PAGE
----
• Ernest Wright scissorsthese stork embroidery ones are like stitcher’s catnip and will probably win you undying gratitude, if there is sufficient delivery time before Christmas (and be warned that leads on these can be long). But such is Ernest Wright’s exalted reputation that a promissory note might just do the trick (but make it decent pen and ink, for goodness’ sake!).  At £27.50, the price is admittedly ouchy, but these are fantastic implements by the last traditional scissor cutlers in Britain (based in Sheffield, of course) and should genuinely last a lifetime – they can be repaired and sharpened later down the road. I’d be absolutely thrilled with any of the Ernest Wright range, and am confident that any other stitcher would too. Ernest Wright will also give you old pair of scissors a complete overhaul for just £10. The scissors obviously have to be of a sufficient quality to begin with to make the expense and effort of a revamp worthwhile. I have been collecting together my shabby antique and vintage pairs for future renovation. Note that pinking shears are beyond their scope.

Ernest Wright stork embroidery scissors

 

  • A bespoke rubber maker’s stamp at £24 from the English Stamp Company in Dorset (along with a stamp pad plus some really nice labels) would make a very welcome gift indeed. The English Stamp Co is a family business which has been making high-quality bespoke rubber stamps from its Dorset base since 1992.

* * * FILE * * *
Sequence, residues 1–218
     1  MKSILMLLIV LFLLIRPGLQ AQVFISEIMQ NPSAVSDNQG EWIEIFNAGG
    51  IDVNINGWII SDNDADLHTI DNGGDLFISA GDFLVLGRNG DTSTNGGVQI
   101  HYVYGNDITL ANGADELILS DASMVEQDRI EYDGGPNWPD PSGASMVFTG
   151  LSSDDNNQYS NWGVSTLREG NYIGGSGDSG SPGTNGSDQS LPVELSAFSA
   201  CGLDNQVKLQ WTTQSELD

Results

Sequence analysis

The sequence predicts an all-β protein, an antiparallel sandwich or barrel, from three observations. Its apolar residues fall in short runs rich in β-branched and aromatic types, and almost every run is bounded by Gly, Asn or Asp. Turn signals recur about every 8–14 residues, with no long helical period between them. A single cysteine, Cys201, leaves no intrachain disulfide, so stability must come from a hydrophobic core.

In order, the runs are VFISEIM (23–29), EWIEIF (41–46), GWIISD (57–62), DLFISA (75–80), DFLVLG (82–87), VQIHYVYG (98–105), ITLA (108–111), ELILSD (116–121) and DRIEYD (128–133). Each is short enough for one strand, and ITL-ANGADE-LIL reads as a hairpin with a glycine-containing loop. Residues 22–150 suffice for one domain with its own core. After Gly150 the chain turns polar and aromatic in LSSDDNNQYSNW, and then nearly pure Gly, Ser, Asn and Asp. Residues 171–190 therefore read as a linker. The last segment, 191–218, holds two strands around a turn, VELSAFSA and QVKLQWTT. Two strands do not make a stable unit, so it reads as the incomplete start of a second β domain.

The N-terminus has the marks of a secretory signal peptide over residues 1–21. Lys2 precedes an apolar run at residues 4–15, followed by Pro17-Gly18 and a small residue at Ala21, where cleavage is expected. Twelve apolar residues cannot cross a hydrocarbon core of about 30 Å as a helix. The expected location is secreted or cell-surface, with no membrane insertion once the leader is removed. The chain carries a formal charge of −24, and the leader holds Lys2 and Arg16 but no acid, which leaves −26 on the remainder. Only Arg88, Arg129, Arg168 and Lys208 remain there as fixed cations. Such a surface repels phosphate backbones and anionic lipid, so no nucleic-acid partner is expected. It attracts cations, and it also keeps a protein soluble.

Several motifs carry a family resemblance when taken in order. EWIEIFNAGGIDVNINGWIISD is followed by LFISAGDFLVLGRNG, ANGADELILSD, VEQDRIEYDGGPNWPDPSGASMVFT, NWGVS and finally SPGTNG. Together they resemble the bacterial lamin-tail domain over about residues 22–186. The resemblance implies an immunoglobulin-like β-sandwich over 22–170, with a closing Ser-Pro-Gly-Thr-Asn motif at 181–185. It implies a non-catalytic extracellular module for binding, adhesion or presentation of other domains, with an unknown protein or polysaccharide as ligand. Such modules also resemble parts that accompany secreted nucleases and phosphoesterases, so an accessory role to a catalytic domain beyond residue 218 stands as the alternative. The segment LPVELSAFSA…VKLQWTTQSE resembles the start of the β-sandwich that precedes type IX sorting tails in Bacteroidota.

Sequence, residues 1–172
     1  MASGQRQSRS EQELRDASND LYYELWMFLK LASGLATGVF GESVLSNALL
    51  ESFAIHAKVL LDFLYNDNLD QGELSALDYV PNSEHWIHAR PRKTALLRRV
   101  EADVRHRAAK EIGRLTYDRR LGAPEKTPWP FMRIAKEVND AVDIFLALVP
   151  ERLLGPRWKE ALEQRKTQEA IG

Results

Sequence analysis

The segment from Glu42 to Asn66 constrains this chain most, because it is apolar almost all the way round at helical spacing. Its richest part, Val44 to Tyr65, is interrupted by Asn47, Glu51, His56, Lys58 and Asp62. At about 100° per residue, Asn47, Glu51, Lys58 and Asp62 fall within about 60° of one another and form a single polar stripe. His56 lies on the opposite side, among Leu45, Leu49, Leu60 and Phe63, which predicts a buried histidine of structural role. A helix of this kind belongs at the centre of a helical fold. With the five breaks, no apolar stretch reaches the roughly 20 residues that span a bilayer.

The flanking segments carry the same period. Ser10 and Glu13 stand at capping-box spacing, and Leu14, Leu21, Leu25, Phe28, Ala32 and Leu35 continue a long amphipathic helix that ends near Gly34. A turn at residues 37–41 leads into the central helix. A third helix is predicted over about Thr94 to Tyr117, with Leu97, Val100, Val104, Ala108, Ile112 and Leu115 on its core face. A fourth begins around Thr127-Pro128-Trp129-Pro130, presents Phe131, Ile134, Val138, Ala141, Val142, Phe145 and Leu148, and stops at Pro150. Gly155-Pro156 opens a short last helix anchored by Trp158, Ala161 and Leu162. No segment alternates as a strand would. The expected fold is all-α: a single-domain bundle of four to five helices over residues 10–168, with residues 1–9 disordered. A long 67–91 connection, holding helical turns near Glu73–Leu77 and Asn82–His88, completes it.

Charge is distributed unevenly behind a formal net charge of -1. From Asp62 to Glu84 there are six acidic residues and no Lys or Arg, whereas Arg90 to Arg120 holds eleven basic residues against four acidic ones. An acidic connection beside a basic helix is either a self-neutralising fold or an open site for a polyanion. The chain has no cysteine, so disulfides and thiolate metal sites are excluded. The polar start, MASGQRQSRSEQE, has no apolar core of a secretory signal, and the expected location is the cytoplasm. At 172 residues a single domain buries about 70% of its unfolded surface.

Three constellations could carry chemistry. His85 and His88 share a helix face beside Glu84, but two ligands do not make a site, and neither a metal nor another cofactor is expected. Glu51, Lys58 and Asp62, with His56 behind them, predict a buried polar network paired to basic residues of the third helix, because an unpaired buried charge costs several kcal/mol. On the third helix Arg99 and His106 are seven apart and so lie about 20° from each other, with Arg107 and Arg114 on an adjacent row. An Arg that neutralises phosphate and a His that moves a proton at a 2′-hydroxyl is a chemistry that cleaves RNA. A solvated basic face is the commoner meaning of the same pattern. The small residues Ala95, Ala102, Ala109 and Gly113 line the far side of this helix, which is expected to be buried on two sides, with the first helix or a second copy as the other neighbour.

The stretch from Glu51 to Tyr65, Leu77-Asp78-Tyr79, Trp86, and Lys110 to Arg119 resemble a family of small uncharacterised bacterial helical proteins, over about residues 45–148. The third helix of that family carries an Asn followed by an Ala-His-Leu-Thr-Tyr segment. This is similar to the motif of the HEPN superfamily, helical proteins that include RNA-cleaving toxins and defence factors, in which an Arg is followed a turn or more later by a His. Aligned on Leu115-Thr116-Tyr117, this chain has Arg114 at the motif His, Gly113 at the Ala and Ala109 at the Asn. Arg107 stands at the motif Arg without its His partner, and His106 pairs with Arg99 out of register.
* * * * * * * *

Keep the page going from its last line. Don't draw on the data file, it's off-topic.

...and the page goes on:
English Stamp Company’s bespoke stamps

 

 

Silk threads from the Silk Mill

 

 

Silver pig pincushion from the Silk Mill

 

  • Or this Wallace Sewell mending kit from Ray Stitch.
  • Softtouch spring-loaded pinking shears. If your giftee likes making things that require an awful lot of cutting out (bunting, for example) then they should really appreciate these by Fiskars at about £22 – they’re extremely helpful for avoiding painful blisters and RSI, and they work equally well if you’re left-handed.
  • For something really unusual and purely decorative, Becca of Alterknitive makes gorgeous little maker’s sterling silver charm bracelets to order – just look at the crochet-hook closure, and the wee darning mushroom! If you want to spoil someone rotten, email Becca (beccaATalterknitiveDOTcoDOTuk) for further details.

 

Charms sold separately and include tiny darning mushroom

Individually crafted sterling silver maker’s charm bracelet from Alterknitive